of birds commonly looked upon "as
enemies to the farmer and indiscrimi-
n illy destroyed whenever occauon off is
really ranks among his best friends
and with few exceptions should be pre-
served and encouraged to t ike up tneir
abode in the neighborhood of his home.
Only six of the seventy-three species
and subspecies of hawks arid Owls of
the United States are injurious. Of
these three are so extremely rare they
need hardly be considered and another
(the fish hawk) is only indirectly injuri-
ous leaving but two (the sharp-skined
and .Cooper's hiwks) that really need
be taken to account as enemies to ag
ricultuie 0 nitting-the six species
that feed largely on poultry and game
3 3X2 stomachs were examined of
which 56 per cent contained mice and.
other small mammals 37 per cent in-
sect? and only 3! per .cent poultry or
game birds. In view ofthese facts the
folly of ffering bounties for the des true-"
tion of hawks ond owls as has been
done by several states becomes appar-
ent and the importance of an accufate
knowledge of the economic status of
our. common birds and mammals is
overwhelming demonstrated.
To those at all interested in the
feathred kingdom this report will prove
most interesting and to all farmers a
most valuable means of identifying the
marauding hawks which should receive
no mercy from the farmer's son aud
the old shot-gun. The evidence pre
sented is certainly strong enough to
call a halt in the indiscriminate slaugh
ter of the hawk tribes Breeders .Ga
zette. '
A Great Waste.
The subject of saving stable manure'
in very little studied by the majority of
farmers. Their farms until recently.
have been stored with natural fertility
and they have not seen the importance
of saving this miterial Their almost
universal custom from the early settle
meut of the country has been to raise
grain and sell everything from the
farm without putting anything back
to restore the fertility that has been
taken off from year to year and they
begin to realize that their crops arc not
as good as they were a few years ago
and that something must be done.
The remedy is pay back to the. farm
what you have been taking off all thee
tears in the shape of plant food o There
are several methods of doing this but
the one fo u? to consider at this time
is the use of stable manure. With the
average farmer little or no pains are
t. ken to care for the accumulations
around the barns and the out-houses of
the farin. Barns are usually built on
some elevated land or on a side hill
where the drainage is good in order'
to have a dry yard. Every rain that
cnies there may be seen a large stream
of water discolored with the soluble
and most valuable partol the manure
running down into the ditches of the
road or into om- stream or lake
where it is Inst? Few realize the won-
derful wiSte that is going on in this
way. It has been demonstrated that
manure left spread out Over a yard
during the summer actually loses one-
half or more ot its rcl value. That
means a manure scare .-ly worth haul
vxt and spreading. Again how pftcn
we may see the hog pen and yard built
on he bank ol some lake or stream ot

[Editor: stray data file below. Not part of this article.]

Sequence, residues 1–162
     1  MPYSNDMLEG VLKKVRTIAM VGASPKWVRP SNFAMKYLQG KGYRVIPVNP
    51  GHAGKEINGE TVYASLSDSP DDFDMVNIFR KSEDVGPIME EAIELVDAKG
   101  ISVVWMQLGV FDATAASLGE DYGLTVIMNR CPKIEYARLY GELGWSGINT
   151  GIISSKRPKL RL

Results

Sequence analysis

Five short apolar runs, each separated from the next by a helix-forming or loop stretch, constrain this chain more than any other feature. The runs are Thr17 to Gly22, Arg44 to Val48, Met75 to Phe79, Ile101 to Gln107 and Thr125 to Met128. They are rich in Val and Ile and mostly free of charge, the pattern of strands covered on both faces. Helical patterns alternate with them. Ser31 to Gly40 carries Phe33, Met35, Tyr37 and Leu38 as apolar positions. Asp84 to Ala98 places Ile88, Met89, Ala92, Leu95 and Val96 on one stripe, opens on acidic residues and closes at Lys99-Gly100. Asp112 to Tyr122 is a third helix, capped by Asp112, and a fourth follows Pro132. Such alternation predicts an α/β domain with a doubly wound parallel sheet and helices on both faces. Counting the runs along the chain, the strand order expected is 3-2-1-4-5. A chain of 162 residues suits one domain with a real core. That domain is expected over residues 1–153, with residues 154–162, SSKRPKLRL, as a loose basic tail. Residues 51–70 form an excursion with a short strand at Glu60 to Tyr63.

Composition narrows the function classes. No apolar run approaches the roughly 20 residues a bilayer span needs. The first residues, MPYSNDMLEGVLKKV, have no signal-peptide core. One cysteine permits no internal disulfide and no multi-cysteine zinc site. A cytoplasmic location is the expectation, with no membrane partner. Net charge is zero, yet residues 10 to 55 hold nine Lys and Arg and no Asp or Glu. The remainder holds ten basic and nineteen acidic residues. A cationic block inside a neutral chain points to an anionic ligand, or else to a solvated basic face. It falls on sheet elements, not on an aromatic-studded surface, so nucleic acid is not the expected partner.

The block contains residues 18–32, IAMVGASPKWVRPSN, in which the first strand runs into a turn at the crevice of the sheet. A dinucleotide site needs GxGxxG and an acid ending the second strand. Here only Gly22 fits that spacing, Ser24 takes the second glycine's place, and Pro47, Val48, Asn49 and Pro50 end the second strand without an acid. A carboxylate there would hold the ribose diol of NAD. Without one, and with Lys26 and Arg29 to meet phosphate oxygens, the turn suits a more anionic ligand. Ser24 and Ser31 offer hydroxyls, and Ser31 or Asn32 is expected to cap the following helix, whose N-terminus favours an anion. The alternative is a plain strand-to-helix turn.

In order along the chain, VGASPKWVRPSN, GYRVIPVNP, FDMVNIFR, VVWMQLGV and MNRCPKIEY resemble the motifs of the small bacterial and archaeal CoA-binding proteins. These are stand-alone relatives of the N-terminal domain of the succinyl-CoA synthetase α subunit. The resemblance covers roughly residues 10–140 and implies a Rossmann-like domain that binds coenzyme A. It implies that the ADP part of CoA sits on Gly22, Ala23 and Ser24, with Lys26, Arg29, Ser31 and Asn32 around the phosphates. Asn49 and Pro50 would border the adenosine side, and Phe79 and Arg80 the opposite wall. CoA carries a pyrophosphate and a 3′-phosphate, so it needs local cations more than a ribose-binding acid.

water and this most valuable of all
m':inu'es around the farm allowed to
drin and wash away thereby making
a great loss of fertility to the farmers
besides polluting the water. Theni
again the manure Iroin the horse
stable is thrown out into a pile resem
bling a hay.stack and all the water
thai falts on it runs off and the bean
Vconi's firefanged and is as worth-
less for manure as so much bulk of dry
j kaves-Texu Farmer
T. II. rAftkAMORB. OTTO W. STEff p. aw ibhh Abe;
iW-JFirot National Bank (
n.u.1 ai!2K OOO.OO. - Surplus. l500.0n
DIRECTORSt-J. II. raramore. G. A. KlrkUaU J. M. Radford rpeie"Tth Otto .
Stelfcns Tw & Rollins Ei 1I Sintenl -
-"..'" .
J. G. Lowdon Pres.. NVnv Camerro V. Ires.
The Abilene JN a -lonai j rm
Capital $100000 OO. Suirplui $185000 00. :
DIRECTORS. Wm. Cameron. W. B. Braieltorf Fred CockrtH Geo. V. Phillips) X.
Daugherty E. 11. Rollins J. G. Lowdon. i . .
B. D. KENVOK fres. ED. S. HUGHES V Pres. H.JAMES Cah.
Tki Fifitrs art Mircliiits lUtltitl
Capital $60000.00. Bvuplui and Undiyitod Profit H600.0fj.
DIRECTORSt-Charles Kenyori F II. James Ed. S. Hughes Henry James B.R
Kenyon.
ABILENE HAS
Four hotels
One bakery .
One tannery ''
One railroad ' .
Seven saloons
Three dentists '.'-
Twelve churches "
Pour drugstores '' t .
Five newspapers ri -. ;'
Shakespeare club i V
Three feed stores. V
Over 5000 people1 .
Five livery stables
Two planing millsv
Two jewelry- stores t
One machine shop
Four barber shops '
Five meat markets .
One broom factory '
One candy factory
One grain elevator ;
$65:000 court house; .
Three photographers
Three national banks
Two merchant tailors
A' five ton tee factory-
Three plumbing firms.
Eight dry goods stores
A splendid opera house .
Two Chaiauqua circles
One horse collar factory
One commercial college
Two woodworking shops
Two tin smithing' houses
One mineral water works
Three job printing offices
Four boot and shoe shops
' Thirteen retail grocery stores
Two cypress cistern factories
One wholesale grocery house
Thirteen black.itnilhing places
Benevolent and other societies
City hall and Central fire station
One exclusive boot and shoe store.